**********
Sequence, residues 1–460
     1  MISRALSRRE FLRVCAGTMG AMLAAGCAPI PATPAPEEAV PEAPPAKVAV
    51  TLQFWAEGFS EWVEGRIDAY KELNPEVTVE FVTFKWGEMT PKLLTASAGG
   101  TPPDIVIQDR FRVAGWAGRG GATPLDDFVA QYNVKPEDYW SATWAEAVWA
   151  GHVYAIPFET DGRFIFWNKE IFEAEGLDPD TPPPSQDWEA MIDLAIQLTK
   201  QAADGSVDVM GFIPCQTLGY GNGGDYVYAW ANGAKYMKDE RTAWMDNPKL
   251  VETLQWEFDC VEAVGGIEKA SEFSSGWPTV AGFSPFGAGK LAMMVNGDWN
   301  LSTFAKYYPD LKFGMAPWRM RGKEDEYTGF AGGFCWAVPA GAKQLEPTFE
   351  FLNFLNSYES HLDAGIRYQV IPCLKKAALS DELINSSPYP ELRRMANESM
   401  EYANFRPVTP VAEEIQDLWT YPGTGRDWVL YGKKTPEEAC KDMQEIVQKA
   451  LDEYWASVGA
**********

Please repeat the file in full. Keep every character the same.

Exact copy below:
Sequence, residues 1–460
     1  MISRALSRRE FLRVCAGTMG AMLAAGCAPI PATPAPEEAV PEAPPAKVAV
    51  TLQFWAEGFS EWVEGRIDAY KELNPEVTVE FVTFKWGEMT PKLLTASAGG
   101  TPPDIVIQDR FRVAGWAGRG GATPLDDFVA QYNVKPEDYW SATWAEAVWA
   151  GHVYAIPFET DGRFIFWNKE IFEAEGLDPD TPPPSQDWEA MIDLAIQLTK
   201  QAADGSVDVM GFIPCQTLGY GNGGDYVYAW ANGAKYMKDE RTAWMDNPKL
   251  VETLQWEFDC VEAVGGIEKA SEFSSGWPTV AGFSPFGAGK LAMMVNGDWN
   301  LSTFAKYYPD LKFGMAPWRM RGKEDEYTGF AGGFCWAVPA GAKQLEPTFE
   351  FLNFLNSYES HLDAGIRYQV IPCLKKAALS DELINSSPYP ELRRMANESM
   401  EYANFRPVTP VAEEIQDLWT YPGTGRDWVL YGKKTPEEAC KDMQEIVQKA
   451  LDEYWASVGA